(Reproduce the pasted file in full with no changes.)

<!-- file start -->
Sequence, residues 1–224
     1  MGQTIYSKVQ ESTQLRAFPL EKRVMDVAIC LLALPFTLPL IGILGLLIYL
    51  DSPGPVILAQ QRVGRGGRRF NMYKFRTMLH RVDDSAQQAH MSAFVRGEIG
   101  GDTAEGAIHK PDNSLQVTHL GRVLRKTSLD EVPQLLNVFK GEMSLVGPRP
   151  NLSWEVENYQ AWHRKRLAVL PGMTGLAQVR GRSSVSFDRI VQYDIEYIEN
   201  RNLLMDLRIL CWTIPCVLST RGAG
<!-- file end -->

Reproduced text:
Sequence, residues 1–224
     1  MGQTIYSKVQ ESTQLRAFPL EKRVMDVAIC LLALPFTLPL IGILGLLIYL
    51  DSPGPVILAQ QRVGRGGRRF NMYKFRTMLH RVDDSAQQAH MSAFVRGEIG
   101  GDTAEGAIHK PDNSLQVTHL GRVLRKTSLD EVPQLLNVFK GEMSLVGPRP
   151  NLSWEVENYQ AWHRKRLAVL PGMTGLAQVR GRSSVSFDRI VQYDIEYIEN
   201  RNLLMDLRIL CWTIPCVLST RGAG